Portland Sacred Harp performed shape note music in October. Photo by Daniel Heila.
Portland Sacred Harp performed shape note music in October.

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MusicWatch Weekly: nevertheless, she persisted

This week's Oregon concerts include music by and about women, Italian opera, piano powerhouses, and more

“Born on a day God was drunk,” Maria inhabits a Buenos Aires demimonde populated by ghosts, criminals, marionettes, pasta makers, psychoanalysts and and other shady characters. She’s seduced by tango, becomes a prostitute, is murdered — and then things get really weird.

Eugene Opera performs ‘Maria de Buenos Aires’ this weekend.

That’s just act one of Astor Piazzolla’s surreal, melancholy Maria de Buenos Aires, which Eugene Opera brings to the Hult Center’s Soreng Theater this Friday and Sunday. The great 20th century Argentine composer’s 1968 “tango operita” been performed often all over the world, including by Portland’s Third Angle. Set mostly in a shadowy Argentine night club, this production, this production features Colombian-born soprano Catalina Cuervo, who claims to have starred in the title role (with multiple opera companies) more often than anyone else, and also features experienced American baritone Paul La Rosa, Argentine born actor Milton Loayza, renowned Argentine tango dancers Fernanda Ghi and Guillermo Merlo, and a quartet of local dancers.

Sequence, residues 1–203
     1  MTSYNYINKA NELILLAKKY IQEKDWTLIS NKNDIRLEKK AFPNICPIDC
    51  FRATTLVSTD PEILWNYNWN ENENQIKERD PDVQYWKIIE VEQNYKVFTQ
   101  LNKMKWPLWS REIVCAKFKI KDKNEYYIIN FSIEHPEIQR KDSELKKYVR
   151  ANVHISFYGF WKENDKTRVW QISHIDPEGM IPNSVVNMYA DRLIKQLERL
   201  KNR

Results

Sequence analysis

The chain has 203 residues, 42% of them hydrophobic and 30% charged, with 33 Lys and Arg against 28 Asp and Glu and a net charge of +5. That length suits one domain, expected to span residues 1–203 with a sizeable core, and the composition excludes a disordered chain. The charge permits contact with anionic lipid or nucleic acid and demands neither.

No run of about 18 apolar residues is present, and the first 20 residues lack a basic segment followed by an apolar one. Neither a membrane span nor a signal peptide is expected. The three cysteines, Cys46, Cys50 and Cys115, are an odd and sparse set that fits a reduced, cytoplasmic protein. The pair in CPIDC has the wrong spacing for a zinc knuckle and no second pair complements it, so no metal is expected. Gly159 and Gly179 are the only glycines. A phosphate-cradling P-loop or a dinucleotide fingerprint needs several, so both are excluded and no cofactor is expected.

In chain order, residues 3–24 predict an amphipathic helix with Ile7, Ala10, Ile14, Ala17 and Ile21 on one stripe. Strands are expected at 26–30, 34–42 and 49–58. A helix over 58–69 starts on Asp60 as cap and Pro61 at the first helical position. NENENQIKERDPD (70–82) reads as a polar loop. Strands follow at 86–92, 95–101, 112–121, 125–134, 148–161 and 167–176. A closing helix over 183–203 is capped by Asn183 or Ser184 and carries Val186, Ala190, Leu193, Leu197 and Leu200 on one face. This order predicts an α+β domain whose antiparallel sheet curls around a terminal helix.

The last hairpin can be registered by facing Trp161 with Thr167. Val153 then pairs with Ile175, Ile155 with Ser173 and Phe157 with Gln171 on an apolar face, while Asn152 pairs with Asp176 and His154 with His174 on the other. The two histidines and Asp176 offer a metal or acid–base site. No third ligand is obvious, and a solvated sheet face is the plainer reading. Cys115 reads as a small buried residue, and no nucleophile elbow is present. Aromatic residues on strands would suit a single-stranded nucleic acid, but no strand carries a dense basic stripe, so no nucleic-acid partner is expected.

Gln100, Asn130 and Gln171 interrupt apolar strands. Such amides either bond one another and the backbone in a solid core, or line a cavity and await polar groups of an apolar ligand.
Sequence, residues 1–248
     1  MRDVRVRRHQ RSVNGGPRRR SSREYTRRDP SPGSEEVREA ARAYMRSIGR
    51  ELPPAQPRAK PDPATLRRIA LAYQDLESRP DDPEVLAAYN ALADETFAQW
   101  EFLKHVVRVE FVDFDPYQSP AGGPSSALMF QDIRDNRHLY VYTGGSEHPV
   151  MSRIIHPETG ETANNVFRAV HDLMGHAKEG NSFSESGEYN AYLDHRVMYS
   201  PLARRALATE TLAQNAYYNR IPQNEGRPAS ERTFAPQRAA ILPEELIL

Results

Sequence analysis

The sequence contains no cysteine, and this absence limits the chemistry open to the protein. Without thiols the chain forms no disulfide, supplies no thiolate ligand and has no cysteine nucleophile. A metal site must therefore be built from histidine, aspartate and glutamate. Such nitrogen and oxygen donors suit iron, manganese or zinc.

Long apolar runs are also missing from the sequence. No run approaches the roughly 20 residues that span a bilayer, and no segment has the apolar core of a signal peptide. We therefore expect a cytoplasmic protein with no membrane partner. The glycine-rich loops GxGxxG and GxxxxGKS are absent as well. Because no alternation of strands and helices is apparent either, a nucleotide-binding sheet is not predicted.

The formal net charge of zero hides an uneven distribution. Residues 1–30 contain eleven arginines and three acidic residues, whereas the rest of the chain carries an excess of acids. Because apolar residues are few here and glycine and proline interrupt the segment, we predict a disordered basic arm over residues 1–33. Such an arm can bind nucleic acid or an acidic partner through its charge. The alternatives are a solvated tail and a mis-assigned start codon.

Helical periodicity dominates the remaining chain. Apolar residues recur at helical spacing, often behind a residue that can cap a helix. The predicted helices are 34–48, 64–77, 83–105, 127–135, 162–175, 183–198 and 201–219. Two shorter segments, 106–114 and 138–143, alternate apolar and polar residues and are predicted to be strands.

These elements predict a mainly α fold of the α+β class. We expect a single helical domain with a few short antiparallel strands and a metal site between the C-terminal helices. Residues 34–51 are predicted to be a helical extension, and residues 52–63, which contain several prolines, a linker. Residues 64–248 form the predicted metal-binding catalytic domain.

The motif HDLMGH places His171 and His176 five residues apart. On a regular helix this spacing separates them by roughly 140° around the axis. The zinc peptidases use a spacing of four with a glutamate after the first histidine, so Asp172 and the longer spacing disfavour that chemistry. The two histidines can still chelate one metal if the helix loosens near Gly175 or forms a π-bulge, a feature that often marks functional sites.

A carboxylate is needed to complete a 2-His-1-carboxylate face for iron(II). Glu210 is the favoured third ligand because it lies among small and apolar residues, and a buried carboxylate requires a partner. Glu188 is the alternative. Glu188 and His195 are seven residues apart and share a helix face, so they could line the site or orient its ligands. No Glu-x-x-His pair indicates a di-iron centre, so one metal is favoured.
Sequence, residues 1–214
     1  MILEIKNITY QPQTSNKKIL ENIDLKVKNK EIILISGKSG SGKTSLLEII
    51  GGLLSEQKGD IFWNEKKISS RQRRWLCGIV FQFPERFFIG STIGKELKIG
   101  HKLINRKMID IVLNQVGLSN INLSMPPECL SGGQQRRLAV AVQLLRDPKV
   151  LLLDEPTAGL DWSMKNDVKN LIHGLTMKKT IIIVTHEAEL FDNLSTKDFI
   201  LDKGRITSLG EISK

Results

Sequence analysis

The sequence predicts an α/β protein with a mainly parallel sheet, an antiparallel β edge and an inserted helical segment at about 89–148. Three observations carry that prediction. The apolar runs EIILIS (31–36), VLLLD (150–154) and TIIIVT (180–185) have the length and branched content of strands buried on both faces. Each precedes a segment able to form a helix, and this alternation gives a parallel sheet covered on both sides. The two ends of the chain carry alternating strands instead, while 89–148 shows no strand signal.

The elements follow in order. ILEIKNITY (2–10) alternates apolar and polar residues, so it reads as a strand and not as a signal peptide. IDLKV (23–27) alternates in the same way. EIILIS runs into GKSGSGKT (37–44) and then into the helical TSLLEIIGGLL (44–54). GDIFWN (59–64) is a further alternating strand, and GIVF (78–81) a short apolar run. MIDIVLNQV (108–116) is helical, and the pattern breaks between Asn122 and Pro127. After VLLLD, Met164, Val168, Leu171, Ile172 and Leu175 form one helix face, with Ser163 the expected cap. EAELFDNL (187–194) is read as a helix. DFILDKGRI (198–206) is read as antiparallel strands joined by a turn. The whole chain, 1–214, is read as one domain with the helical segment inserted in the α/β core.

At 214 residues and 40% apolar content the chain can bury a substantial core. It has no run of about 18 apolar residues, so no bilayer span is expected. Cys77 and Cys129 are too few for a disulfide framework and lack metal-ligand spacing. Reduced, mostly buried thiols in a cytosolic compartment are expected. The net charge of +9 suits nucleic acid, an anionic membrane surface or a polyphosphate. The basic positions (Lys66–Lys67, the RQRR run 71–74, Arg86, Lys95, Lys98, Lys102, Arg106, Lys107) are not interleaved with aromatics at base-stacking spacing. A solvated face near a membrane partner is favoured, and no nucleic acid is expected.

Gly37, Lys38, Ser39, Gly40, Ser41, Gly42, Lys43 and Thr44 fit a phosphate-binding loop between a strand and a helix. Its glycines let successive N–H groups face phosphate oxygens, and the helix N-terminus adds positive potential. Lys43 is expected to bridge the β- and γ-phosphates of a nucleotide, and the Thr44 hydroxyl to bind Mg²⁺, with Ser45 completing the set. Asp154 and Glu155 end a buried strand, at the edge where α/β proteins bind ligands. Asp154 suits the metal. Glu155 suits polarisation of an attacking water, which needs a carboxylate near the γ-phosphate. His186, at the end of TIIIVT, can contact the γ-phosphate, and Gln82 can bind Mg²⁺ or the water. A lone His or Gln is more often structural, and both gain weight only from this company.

Piazzolla’s tango-tinged music is as dramatically seductive as poet/lyricist/editor/musician Horacio Ferrer’s story is strange. In act two, Maria goes to hell — yet still she persisted. Among other adventures, she bears a child who may be herself, maybe a metaphorical parallel to Eugene Opera’s own recent financial collapse and rebirth? It’s good to have both the company, contemporary opera, and, on her 50th birthday, Maria de Buenos Aires back from the brink.
On Monday at Portland’s Old Church, FearNoMusic closes its season devoted to music that responds to today’s troubled times with “Hope In The Dark,” a concert that, like the Rebecca Solnit book it draws its title from, offers more than just sonic despair. Quartets by Kevin Puts (Dark Vigil) and Arvo Part (Da Pacem Domine) were composed in the wake of the 1999 Columbine school slaughter and 2004 Madrid train bombings, respectively. Chinary Ung’s intense cello solo Khse Buon and Eve Beglarian’s haunting I will not be sad in this world arose from genocides that claimed the composers’ ancestors or family — the Khmer Rouge in Cambodia and Turkey’s massacres of Armenians. But hope as well as haunt emerge in Chen Yi’s Night Thoughts, inspired by her youth in China’s notorious Cultural Revolution-era labor camps, and in the title of Georges Lifermann’s “Ça ira mieux demain” (Tomorrow Will Be Better). The French-born composer, whose parents died in Auschwitz, survived World War II German-imposed childhood labor duty, became a popular songwriter in France, and lived happily for decades in Corvallis until his death in March at age 95.